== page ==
Early morning, despite the crisp cold weather in Beijing, after grabbing a cup of coffee and breakfast, it was time to venture out again, winter clothes and all, to visit the famous landmarks in China, the Tiananmen Square and the Forbidden City.
There are several sections which you may visit such as the Tiananmen Tower, Monument to the People’s Heroes, Great Hall of the People, Mao Zedong Memorial Hall, National Museum of China and you may also witness the national flag raising ceremony.
However picture taking isn’t allowed inside and only the outside of the Square is allowed for tourists. Expect a lot of people since a lot of group tours are held here and amusingly enough they are easily recognized because of the white flags they were carrying around. The other tourists are locals and foreigners traveling on their own.
You can’t bring your bags inside and since there isn’t a bag counter, you have to leave them outside so my cousin living in China offered to stay behind since she already saw the tourist spot before.One of the things you must do when you lining up to go inside Mao Ze Dong’s Memorial Hall is to offer flowers. There’s a place one you enter where tourists can offer them. Afterwards, you’ll go inside where his body is in a glass casket which you can view as you go around the room.
It reminded me so much of Philippines’ very own former President Ferdinand Marcos whose remains are kept in a museum in his hometown, Ilocos Norte. There was a controversy whether his body was real or not and this came to mind as well after seeing Ma Ze dong’s remains in China. Only they will know.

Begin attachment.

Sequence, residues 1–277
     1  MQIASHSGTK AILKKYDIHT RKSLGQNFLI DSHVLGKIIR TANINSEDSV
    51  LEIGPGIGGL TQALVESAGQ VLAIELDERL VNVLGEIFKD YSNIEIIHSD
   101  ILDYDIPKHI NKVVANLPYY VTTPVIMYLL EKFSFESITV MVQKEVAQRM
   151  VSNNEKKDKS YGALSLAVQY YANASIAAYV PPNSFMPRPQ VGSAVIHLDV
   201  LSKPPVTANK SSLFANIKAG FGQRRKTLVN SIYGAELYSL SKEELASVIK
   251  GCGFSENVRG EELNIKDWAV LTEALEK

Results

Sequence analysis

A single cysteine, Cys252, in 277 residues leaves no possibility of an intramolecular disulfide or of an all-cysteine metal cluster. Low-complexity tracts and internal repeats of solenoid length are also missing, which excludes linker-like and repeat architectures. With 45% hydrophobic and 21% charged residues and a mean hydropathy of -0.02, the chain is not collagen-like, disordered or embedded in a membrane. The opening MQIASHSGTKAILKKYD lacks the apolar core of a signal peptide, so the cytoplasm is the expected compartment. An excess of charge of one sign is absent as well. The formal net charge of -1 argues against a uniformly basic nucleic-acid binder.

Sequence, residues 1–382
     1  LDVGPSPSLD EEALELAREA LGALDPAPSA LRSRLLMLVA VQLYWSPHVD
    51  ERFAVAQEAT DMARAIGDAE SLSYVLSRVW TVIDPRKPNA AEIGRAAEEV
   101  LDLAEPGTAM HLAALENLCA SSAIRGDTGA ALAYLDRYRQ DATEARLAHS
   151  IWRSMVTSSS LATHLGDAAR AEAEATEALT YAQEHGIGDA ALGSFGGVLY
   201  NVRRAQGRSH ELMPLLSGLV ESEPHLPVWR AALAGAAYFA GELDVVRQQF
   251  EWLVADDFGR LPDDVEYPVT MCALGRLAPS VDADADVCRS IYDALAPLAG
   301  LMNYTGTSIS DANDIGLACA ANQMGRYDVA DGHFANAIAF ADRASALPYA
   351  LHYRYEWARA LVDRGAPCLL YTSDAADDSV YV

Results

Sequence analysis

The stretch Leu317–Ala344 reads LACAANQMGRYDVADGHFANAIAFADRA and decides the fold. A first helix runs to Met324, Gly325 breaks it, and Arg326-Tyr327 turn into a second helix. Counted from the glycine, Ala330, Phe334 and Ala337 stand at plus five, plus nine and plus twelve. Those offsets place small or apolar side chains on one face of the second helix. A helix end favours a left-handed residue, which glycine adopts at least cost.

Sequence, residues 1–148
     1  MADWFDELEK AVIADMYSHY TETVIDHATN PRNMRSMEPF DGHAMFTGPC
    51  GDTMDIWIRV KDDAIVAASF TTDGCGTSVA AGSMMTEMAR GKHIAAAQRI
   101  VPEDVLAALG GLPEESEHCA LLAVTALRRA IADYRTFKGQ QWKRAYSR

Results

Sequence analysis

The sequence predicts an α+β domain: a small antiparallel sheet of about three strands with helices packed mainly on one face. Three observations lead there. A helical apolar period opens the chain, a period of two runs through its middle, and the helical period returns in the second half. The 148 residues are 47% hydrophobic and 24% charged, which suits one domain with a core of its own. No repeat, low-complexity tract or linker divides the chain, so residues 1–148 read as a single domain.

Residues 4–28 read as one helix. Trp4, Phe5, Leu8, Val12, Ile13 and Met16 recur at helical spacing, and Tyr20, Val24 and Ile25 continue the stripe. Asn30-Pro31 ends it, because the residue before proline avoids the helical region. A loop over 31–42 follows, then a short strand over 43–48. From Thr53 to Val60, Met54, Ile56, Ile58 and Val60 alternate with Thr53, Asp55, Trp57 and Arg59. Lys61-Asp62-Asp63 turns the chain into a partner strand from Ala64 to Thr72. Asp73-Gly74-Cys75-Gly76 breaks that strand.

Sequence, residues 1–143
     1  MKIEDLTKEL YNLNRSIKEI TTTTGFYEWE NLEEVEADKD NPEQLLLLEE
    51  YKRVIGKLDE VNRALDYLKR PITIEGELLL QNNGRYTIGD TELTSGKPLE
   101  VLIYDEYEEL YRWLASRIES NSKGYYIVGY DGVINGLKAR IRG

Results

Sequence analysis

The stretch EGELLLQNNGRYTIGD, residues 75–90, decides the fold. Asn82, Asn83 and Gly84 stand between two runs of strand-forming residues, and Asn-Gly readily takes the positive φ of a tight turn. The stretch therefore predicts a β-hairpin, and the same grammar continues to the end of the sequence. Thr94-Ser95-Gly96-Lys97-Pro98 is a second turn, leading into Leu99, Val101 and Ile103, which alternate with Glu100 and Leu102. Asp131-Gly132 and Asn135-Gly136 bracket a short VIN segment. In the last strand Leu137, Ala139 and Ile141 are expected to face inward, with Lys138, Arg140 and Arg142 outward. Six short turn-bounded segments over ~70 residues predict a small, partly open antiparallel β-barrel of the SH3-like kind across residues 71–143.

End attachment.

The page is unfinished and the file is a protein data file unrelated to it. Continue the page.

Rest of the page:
It was a quick tour and next thing you know, you’re already outside again. It felt quite short for me but it was a great experience to see it for real instead of simply hearing the stories from other people who’s been here.
As for the Tiananmen Tower, originally built in 1417 during the Ming Dynasty, it is used to announce a huge ceremony of who will become the new emperor and empress. Only royal family and aristocrats may enter the Square which serves as the entrance to the Forbidden City.
The Monument to the People’s Heroes is right in the center of the Square and it is the biggest monument in China. It has eight large relief sculptures which show how the Chinese modern history developed over the years. There are two rows of beautiful white marble railings enclosing the monument.
The Great Hall of the People was built in 1959 which serves as a meeting place for the China National People’s Congress. There are 12 marble posts wherein three parts are named the Central Hall, Great Auditorium and Banqueting Hall. The Central Hall has marble floors and crystal lamps beautifully decorate the ceiling. The Great Auditorium has a seating capacity of 10,000 while the Banqueting Hall has 5,000 seats.
The China National Museum is quite new compared to the others since it was built in 2003. One of its sections showcases books, pictures and objects primarily for the Chinese Revolutionary Museum while relics from China’s 1,700,000 years are displayed for the Chinese History Museum.